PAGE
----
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A Guide to Mosquitoes and Mosquito Prevention
There are different types of mosquitoes found throughout the world, including all regions of the U.S. They are an annoyance to most because of the itchy mosquito bites they leave behind, but they can also pose a far more serious threat. In fact, mosquitoes are often described as one of the deadliest animals in the world due to the diseases they can transmit. According to the World Health Organization (WHO), mosquito bites result in the deaths of more than 1 million people every year - the majority of these deaths are due to malaria. The CDC helped eliminate malaria as a major public health problem in the United States in the late 1940s. However, it reports that approximately 1,500 cases of malaria are documented each year in the United States due to imported cases, mainly from travelers. West Nile virus and dengue fever are of greatest concern in the U.S.
What does a mosquito look like?
Mosquitoes are very small, about 1/8 - 3/8" long. They have six legs and long mouthparts called a proboscis. Their coloring varies from grey to black with some having white, green or blue markings. Individually, mosquitoes are very difficult to spot as they fly because of their small size and because they are most active from dawn to dusk.
Do mosquitoes only feed on blood?
Only female mosquitoes bite and feed on humans. They need a blood meal in order to lay fertile eggs. Most species of mosquitoes breed continuously, so a female will search for a blood meal approximately every two days in order to lay another batch of eggs. However, both male and female mosquitoes feed on nectar from flowers as their main source of energy.
Are mosquitoes more attracted to some people over others?
Yes. Studies have shows that certain factors have an effect on how attractive a person is to mosquitoes. Some of these, such as wearing dark colored clothing or perfume, can easily be avoided. Other factors like blood type, body temperature and the presence of naturally occurring bacteria on skin are unavoidable.
Where are mosquitoes found?
Mosquitoes are found throughout the U.S. although some species are more common in certain regions. One of these, the Asian tiger mosquito, is found primarily in the South although it has moved into the northeast over the past few years. Asian tiger mosquitoes are unique in that they feed during the day, unlike many mosquitoes that feed only at dusk and dawn..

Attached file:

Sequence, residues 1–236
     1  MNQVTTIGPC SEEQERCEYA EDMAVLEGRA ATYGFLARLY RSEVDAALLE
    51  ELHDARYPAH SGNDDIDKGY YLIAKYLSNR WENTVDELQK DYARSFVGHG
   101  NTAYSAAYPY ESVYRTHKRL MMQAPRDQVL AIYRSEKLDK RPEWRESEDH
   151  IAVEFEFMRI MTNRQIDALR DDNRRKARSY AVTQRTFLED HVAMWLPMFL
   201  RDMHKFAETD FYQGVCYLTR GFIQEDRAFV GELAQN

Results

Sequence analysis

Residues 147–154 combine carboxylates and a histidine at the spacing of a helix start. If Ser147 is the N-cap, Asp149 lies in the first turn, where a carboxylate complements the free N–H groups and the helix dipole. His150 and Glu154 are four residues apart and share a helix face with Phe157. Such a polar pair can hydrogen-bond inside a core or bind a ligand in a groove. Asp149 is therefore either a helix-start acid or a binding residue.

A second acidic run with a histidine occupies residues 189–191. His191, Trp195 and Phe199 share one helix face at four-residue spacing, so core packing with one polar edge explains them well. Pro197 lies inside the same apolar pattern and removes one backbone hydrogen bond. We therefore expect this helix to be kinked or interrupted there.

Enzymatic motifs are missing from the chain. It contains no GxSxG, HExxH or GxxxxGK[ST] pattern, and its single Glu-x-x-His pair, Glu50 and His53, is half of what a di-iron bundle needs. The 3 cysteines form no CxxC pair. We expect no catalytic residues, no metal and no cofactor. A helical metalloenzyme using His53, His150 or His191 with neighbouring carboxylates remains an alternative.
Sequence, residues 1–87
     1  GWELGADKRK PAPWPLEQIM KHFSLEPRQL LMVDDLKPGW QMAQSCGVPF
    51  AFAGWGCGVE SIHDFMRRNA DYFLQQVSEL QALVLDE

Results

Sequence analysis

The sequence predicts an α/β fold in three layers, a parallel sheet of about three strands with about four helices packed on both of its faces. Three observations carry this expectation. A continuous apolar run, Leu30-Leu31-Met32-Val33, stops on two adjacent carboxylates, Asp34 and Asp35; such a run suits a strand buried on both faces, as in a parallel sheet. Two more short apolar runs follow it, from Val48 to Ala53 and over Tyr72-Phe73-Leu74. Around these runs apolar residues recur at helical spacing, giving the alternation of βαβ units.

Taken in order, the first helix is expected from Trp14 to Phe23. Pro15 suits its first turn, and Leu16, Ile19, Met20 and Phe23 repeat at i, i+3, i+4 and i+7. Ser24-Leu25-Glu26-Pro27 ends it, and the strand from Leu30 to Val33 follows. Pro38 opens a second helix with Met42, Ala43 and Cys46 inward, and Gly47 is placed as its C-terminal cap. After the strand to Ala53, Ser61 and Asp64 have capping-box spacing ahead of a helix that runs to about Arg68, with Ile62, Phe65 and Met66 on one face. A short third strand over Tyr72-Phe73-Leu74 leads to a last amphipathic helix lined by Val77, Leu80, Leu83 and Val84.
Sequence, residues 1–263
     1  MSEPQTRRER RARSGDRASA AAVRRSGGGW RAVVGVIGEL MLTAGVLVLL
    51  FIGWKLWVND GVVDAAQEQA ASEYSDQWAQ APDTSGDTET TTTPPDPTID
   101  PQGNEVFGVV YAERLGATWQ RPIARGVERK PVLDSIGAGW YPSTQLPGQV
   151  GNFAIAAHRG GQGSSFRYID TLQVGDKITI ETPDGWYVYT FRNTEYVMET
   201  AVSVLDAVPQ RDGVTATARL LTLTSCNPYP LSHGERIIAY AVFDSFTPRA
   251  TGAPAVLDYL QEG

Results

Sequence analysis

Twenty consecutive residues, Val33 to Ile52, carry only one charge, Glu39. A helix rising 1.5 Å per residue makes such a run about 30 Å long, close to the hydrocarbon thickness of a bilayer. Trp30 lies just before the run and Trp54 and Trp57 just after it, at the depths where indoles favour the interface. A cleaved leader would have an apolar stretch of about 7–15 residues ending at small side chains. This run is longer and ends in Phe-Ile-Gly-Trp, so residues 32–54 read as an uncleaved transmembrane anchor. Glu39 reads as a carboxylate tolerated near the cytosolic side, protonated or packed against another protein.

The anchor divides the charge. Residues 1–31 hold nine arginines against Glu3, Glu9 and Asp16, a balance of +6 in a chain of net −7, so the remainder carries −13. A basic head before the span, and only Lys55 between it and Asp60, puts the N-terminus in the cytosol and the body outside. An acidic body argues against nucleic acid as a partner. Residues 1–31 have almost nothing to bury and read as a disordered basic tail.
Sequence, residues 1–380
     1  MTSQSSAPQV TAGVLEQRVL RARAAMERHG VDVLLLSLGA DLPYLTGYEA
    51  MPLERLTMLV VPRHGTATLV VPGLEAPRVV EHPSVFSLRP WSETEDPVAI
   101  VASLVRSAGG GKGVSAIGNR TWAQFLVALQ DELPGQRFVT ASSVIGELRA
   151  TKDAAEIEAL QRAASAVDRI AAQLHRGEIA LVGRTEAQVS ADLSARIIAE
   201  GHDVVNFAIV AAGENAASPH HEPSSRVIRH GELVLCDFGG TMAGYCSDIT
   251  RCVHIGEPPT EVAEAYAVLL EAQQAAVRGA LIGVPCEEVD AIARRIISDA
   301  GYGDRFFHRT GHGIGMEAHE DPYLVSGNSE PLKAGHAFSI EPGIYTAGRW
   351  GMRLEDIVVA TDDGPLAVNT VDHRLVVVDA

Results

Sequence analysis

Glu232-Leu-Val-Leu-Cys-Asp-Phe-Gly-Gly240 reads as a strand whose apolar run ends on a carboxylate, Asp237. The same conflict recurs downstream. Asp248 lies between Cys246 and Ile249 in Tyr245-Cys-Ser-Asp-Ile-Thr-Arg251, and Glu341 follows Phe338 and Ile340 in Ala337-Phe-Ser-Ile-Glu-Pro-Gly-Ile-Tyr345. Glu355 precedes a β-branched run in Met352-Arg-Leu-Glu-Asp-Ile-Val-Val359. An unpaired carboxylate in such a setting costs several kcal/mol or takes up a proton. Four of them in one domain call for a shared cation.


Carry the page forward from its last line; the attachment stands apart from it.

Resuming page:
As mosquitoes lay eggs in water, they are common around marshes and lakes but can breed in as little as a ½ inch of standing water. This underscores the importance of homeowners regularly checking their property for containers that could be collecting water and providing a safe harbor for mosquitoes to grow.
Are mosquitoes dangerous?
Yes. Many people are bitten by mosquitoes with no side effects except the typical itchy welt. However, mosquitoes can be vectors for many diseases. If a mosquito feeds off a diseased host, some can transmit pathogens that can infect other hosts it subsequently bites.
In the U.S., mosquitoes are known to spread West Nile virus, eastern equine encephalitis and dengue fever. Worldwide, they also spread yellow fever, malaria and chikungunya. These illnesses do not have specific treatments. People can have varied reactions to each virus and each has been fatal in some cases.
There is heightened concern in the U.S. about chikungunya as it recently appeared in Caribbean countries. Some Americans traveling to infected areas have been diagnosed with the virus upon arriving home. There have not been any locally-transmitted cases of chikungunya in the U.S., but health officials are keeping a close watch of this virus. The best way to avoid any mosquito-borne disease is to prevent mosquito bites.
How can I prevent mosquitoes?
Most counties have a mosquito abatement program in place to minimize the local population and help keep the public safe. These programs typically involve trapping mosquitoes in different areas and testing them for known pathogens. This helps monitor the spread of diseases and warn the public of risks in the area. County programs may also include plans for periodic spraying or fogging to eliminate adult mosquitoes.
Mosquito prevention at home starts with removing areas of standing water. Mosquitoes lay their eggs in water where the larvae develop, so it is important to empty containers such as empty tires and flowerpots, pool covers and baby pools after a rainstorm. Water in birdbaths should be regularly changed as well.
Most types of mosquitoes are active around dusk and dawn, so avoiding the outdoors at those times will reduce the likelihood of getting a bite. If you're outside, wear long sleeves, long pants and insect repellent to protect skin from mosquitoes. A small fan at outdoor gatherings may also reduce mosquitoes, as they are not strong flyers.
It is especially important to wear effective insect repellents and protective clothing if traveling outside the U.S. Mosquito-borne diseases that may be rare in the U.S. are common in many foreign countries.
If you have a mosquito problem on your property, contact a licensed pest professional to evaluate the situation and advise you on how to get rid of mosquitoes.